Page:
Richard Grenell, Mitt’s Romney’s recently-named gay foreign policy spokesman, was forced out of the former Massachusetts governor’s presidential campaign after pressure from anti-gay Republicans, a conservative columnist at the Washington Post first reported on May 1.
Jennifer Rubin, the Right Turn blogger at washingtonpost.com, wrote, “Grenell decided to resign after being kept under wraps during a time when national security issues, including the president’s ad concerning Osama bin Laden, had emerged front and center in the campaign.”
Grenell, who served President George W. Bush as communications director for the US representative at the United Nations, was appointed to his campaign post on April 19.
“I have decided to resign from the Romney campaign as the Foreign Policy and National Security Spokesman,” Grenell said in a written statement. “While I welcomed the challenge to confront President Obama’s foreign policy failures and weak leadership on the world stage, my ability to speak clearly and forcefully on the issues has been greatly diminished by the hyper-partisan discussion of personal issues that sometimes comes from a presidential campaign. I want to thank Governor Romney for his belief in me and my abilities and his clear message to me that being openly gay was a non-issue for him and his team.”
Rubin, however, pointed to articles in two prominent conservative publications –– the National Review and DailyCaller.com –– that raised questions about the fitness of an openly gay adviser to serve the Romney campaign.
She quoted Matthew J. Franck writing in the National Review, “Suppose Barack Obama comes out — as Grenell wishes he would — in favor of same-sex marriage in his acceptance speech at the Democratic National Convention. How fast and how publicly will Richard Grenell decamp from Romney to Obama?”
DailyCaller.com, meanwhile, challenged New Jersey Governor Chris Christie’s suitability as Romney’s running mate, citing his appointment of Bruce Harris, an openly gay Republican, to the State Supreme Court. Matt K. Lewis, writing on the conservative website, faulted Harris, who is African-American, for “comparing opposition to gay marriage with segregation” in a letter to legislators.
Rubin wrote that Romney campaign manager Matt Rhoades responded to Grenell’s departure by saying, “We are disappointed that Ric decided to resign from the campaign for his own personal reasons. We wanted him to stay because he had superior qualifications for the position he was hired to fill.”
Conservatives’ mistrust of Grenell is curious given the ex-spokesman’s willingness to take on prominent LGBT progressives. In a tweet earlier this year, he went after the woman who is television news’ best-known lesbian.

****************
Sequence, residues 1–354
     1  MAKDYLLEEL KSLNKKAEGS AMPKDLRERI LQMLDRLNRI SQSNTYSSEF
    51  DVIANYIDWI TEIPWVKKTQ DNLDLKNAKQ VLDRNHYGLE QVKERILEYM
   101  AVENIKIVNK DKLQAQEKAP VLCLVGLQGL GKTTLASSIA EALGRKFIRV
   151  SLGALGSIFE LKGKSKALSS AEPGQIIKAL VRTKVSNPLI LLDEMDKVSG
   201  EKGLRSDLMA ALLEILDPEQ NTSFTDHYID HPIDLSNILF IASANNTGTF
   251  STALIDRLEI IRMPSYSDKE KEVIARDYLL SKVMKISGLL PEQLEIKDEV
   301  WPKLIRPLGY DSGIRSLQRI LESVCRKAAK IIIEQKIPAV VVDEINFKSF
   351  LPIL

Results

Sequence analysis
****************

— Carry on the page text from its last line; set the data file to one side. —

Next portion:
“Rachel Maddow needs to take a breath and put on a necklace,” his Twitter account, @RichardGrenell, read on January 26.
Still, the Log Cabin Republicans, in a release by executive director R. Clarke Cooper, insisted Grenell “was essentially hounded by the far right and far left.”
“Ric made the choice that he feels is best for the Romney campaign, and I respect his decision,” Cooper’s statement said. “It is unfortunate that while the Romney campaign made it clear that Grenell being an openly gay man was a non-issue for the governor and his team, the hyper-partisan discussion of issues unrelated to Ric’s national security qualifications threatened to compromise his effectiveness on the campaign trail.”
But it was the right wing that was showing off its hyper-partisanship the day after Grenell’s departure.
Bryan Fischer, the director of issue analysis at the anti-gay American Family Association, took to his radio show to crow about having achieved a “huge win” against the presumptive Republican presidential nominee.
He said, “Mitt Romney has been forced to say, ‘Look, I overstepped my bounds here. I went outside the parameters here. I went off the reservation with this hire. The pro-family community has called me back to the table here. Called me back inside the borders of the reservation.’… I will flat out guarantee you he is not going to make this mistake again. There is no way in the world that Mitt Romney is going to put a homosexual activist in any position of importance in his campaign.”